An Unfair Share: Exploring the disproportionate risks from climate change facing Washington State communities

About this report

Climate impacts or hazards, stemming from events like heat waves, floods and drought pose challenges for all Washington communities, now and in the future. However, the degree to which communities will experience these climate change-related hazards, described here as exposure, is not the same. The aim of this report is to support ongoing discussions regarding the climate change-related hazards facing communities in Washington, with a special emphasis on communities of color, indigenous peoples and communities with lower incomes.

To effectively address existing or future inequities, there needs to be credible information about who is at risk in Washington state from climate impacts, and why. This report strives to clarify how communities may be exposed differently to climate-related hazards and how factors like race/ethnicity, wealth, income, level of education and health status affect the ability to cope with climate impacts, or related harms.

Report & Graphic Summary

Download the full report:  An Unfair Share: Exploring the Disproportionate Risks from Climate Change Facing Washington State Communities

Download the two-page graphic summary: An Unfair Share Report: Graphic Summary

Suggested Citation: UW Climate Impacts Group, UW Department of Environmental and Occupational Health Sciences, Front and Centered and Urban@UW, 2018. An Unfair Share: Exploring the disproportionate risks from climate change facing Washington state communities. A report prepared for Seattle Foundation. University of Washington, Seattle.

Research and Writing Team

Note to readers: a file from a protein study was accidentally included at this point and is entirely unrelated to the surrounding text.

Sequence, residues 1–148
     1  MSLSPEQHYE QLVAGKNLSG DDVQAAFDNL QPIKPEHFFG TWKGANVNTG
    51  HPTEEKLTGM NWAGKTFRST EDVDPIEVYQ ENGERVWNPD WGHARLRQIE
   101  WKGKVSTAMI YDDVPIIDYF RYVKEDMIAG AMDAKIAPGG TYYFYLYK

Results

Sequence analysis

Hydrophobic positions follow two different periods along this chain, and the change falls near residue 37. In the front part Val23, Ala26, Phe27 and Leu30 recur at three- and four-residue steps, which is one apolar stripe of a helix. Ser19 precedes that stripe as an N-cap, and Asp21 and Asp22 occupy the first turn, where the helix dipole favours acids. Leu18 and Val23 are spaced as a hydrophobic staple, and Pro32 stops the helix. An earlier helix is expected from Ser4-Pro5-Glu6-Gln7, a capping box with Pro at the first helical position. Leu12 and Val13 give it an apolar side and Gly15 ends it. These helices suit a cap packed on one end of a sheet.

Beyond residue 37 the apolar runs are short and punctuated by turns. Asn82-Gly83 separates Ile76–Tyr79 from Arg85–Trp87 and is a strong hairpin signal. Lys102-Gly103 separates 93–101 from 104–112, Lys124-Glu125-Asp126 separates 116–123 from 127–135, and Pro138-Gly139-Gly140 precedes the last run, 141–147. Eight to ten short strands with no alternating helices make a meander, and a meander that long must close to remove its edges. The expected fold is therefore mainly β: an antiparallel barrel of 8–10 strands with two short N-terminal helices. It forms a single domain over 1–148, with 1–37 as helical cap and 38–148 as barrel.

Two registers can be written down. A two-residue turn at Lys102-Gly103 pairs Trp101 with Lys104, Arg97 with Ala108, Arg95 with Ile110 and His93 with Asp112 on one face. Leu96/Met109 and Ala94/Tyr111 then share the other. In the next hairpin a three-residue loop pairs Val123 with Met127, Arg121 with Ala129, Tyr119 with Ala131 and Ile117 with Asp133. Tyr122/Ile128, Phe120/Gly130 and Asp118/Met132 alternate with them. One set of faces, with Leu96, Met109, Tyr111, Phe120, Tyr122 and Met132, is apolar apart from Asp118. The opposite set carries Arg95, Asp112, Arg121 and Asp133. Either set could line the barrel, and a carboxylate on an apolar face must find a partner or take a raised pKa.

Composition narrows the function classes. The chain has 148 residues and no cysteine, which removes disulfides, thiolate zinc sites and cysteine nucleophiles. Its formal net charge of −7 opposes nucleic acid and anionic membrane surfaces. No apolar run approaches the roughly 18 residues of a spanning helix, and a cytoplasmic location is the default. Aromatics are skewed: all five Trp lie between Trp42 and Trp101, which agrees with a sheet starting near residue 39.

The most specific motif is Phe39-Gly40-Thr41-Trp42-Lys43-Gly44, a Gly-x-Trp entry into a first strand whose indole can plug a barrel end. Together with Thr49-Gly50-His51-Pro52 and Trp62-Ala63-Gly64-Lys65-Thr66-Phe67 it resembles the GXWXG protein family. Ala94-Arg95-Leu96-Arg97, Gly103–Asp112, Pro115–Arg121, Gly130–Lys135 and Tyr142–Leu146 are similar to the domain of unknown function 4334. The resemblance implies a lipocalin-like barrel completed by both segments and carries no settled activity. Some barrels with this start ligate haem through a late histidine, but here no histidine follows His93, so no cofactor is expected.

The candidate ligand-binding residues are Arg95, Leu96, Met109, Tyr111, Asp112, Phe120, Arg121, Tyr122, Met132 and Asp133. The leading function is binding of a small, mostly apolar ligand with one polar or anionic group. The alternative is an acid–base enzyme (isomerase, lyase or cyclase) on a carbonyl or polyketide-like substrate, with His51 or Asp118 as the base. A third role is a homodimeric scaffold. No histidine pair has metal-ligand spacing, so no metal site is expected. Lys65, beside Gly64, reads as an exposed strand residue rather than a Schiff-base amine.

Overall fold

This report was produced as a collaboration of the University of Washington Climate Impacts Group, Front and Centered, and University of Washington Urban@UW, University of Washington Department of Environmental Health & Occupational Sciences.  

Writing Team: Joe Casola (UW Climate Impacts Group), Heidi A. Roop* (UW Climate Impacts Group) Katie Fellows (UW Department of Environmental and Occupational Health Sciences), Vanessa Galaviz (UW Department of Environmental and Occupational Health Sciences), Deric Gruen (Front and Centered), Sara Jacobs (Urban@UW) and Edmund Seto (UW Department of Environmental and Occupational Health Sciences).

*Corresponding author

Funding & Acknowledgements

The research and writing team is greatly appreciative of input received from the Front and Centered Steering Committee, UW faculty and the community members who hosted and participated in the Listening Sessions. This input proved central to this report.

This collaborative project was made possible with support from Seattle Foundation, whose mission is to ignite powerful, rewarding philanthropy to make Greater Seattle a stronger, more vibrant community for all. Learn more at: www.seattlefoundation.org.

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